In this work, to measure the accuracy and efficiency for a latency-controlled streaming automatic speech recognition (ASR) application, we perform comprehensive evaluations on three popular training criteria: LF-MMI, CTC and RNN-T.
In this paper, we introduce the Kaizen framework that uses a continuously improving teacher to generate pseudo-labels for semi-supervised speech recognition (ASR). The proposed approach uses a teacher model which is updated as the exponential moving average (EMA) of the student model parameters.
On-device ASR can also lead to a more sustainable solution by considering the energy vs. accuracy trade-off and choosing right model for specific use cases/applications of the product. Hence, in this paper we evaluate energy-accuracy trade-off of ASR with a typical transformer based speech recognition model on an edge device.
In this paper we propose to address policy compliance detection via decomposing it into question answering, where questions check whether the conditions stated in the policy apply to the scenario, and an expression tree combines the answers to obtain the label. Despite the initial upfront annotation cost, we demonstrate that this approach results in better accuracy, especially in the cross-policy setup where the policies during testing are unseen in training.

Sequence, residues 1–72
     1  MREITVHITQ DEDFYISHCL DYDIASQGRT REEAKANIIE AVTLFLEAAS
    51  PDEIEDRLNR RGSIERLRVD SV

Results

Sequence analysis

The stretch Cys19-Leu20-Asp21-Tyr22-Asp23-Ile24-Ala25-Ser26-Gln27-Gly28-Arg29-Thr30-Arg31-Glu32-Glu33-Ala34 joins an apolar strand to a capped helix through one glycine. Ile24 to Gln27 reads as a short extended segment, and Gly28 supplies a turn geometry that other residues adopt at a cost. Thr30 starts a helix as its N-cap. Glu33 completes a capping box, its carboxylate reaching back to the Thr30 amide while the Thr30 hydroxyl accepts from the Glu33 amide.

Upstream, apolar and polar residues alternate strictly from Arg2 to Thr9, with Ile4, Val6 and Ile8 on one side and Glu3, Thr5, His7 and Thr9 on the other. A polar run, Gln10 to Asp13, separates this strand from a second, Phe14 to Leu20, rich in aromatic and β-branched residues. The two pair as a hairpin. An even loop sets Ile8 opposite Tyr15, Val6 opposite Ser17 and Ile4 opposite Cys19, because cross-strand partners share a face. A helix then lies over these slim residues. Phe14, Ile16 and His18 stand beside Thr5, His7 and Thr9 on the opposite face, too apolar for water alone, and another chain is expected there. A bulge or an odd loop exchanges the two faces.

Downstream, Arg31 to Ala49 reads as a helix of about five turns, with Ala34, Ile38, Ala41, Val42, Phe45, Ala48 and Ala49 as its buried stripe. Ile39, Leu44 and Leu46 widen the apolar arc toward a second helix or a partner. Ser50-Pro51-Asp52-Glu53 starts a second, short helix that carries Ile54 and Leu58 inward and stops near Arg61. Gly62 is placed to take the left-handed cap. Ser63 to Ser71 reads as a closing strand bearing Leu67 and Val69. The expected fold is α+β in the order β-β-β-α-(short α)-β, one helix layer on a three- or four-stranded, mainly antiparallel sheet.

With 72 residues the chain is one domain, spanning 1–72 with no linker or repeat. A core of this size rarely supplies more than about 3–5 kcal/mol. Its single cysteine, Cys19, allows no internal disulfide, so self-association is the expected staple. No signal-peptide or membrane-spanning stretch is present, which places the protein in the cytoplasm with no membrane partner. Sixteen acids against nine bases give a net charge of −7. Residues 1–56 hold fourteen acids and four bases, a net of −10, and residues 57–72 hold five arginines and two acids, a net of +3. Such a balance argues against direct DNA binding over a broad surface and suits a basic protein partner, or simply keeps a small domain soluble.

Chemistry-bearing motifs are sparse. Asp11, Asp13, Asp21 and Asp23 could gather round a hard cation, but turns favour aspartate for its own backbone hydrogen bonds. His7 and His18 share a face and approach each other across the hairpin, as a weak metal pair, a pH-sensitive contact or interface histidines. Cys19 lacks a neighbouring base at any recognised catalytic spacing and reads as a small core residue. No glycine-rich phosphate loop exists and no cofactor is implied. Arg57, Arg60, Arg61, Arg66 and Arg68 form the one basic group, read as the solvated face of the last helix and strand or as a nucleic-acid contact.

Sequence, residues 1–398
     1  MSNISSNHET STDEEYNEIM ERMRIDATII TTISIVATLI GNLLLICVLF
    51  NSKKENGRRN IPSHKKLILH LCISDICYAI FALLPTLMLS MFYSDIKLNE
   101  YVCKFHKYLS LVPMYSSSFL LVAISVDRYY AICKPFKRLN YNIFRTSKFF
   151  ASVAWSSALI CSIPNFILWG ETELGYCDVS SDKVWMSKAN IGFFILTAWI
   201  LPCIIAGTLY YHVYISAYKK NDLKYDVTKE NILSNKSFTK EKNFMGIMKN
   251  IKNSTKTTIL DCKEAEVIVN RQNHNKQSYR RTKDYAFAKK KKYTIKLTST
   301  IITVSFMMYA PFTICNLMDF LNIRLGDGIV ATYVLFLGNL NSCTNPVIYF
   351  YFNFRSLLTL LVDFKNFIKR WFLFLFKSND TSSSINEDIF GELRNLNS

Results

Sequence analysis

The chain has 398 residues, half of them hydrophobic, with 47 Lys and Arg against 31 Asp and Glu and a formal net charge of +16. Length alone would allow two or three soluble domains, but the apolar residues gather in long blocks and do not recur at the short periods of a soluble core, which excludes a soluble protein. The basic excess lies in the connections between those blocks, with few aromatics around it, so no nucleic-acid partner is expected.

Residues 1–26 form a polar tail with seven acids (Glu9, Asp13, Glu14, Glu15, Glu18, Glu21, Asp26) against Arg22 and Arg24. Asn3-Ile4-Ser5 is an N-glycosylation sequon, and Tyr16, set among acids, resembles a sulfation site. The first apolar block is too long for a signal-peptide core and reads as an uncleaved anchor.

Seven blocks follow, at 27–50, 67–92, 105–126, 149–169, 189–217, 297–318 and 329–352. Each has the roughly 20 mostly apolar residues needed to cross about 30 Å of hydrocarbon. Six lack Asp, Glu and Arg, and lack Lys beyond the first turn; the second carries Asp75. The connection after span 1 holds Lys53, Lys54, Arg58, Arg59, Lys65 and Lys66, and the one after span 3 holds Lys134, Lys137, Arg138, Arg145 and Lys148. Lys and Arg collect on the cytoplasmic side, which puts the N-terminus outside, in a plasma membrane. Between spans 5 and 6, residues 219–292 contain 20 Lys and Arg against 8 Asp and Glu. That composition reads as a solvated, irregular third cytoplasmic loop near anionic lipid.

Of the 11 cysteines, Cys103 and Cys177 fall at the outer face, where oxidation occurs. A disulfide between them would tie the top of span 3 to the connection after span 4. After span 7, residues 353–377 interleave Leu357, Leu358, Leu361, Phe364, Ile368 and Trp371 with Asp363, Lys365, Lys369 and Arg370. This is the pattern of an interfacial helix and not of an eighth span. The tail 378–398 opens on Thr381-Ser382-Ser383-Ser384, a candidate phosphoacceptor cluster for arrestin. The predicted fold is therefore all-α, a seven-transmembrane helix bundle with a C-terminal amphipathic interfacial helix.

We present several focused modifications of Transformer that greatly improve generalization capabilities on SCAN and select one that remains on par with a vanilla Transformer on a standard machine translation (MT) task. Next, we study its performance in low-resource settings and on a newly introduced distribution-shifted EnglishFrench translation task.
Here, in line with that tradition, we explore how recurrent neural networks acquire the complex German plural system and reflect upon how their strategy compares to human generalisation and rule-based models of this system.
We present the results of the first task on Large-Scale Multilingual Machine Translation. The task consists on the many-to-many evaluation of a single model across a variety of source and target languages.
In this paper, we introduce a new pre-training objective, DOBF, that leverages the structural aspect of programming languages and pre-trains a model to recover the original version of obfuscated source code.
We report the results of the WMT 2021 shared task on Quality Estimation, where the challenge is to predict the quality of the output of neural machine translation systems at the word and sentence levels.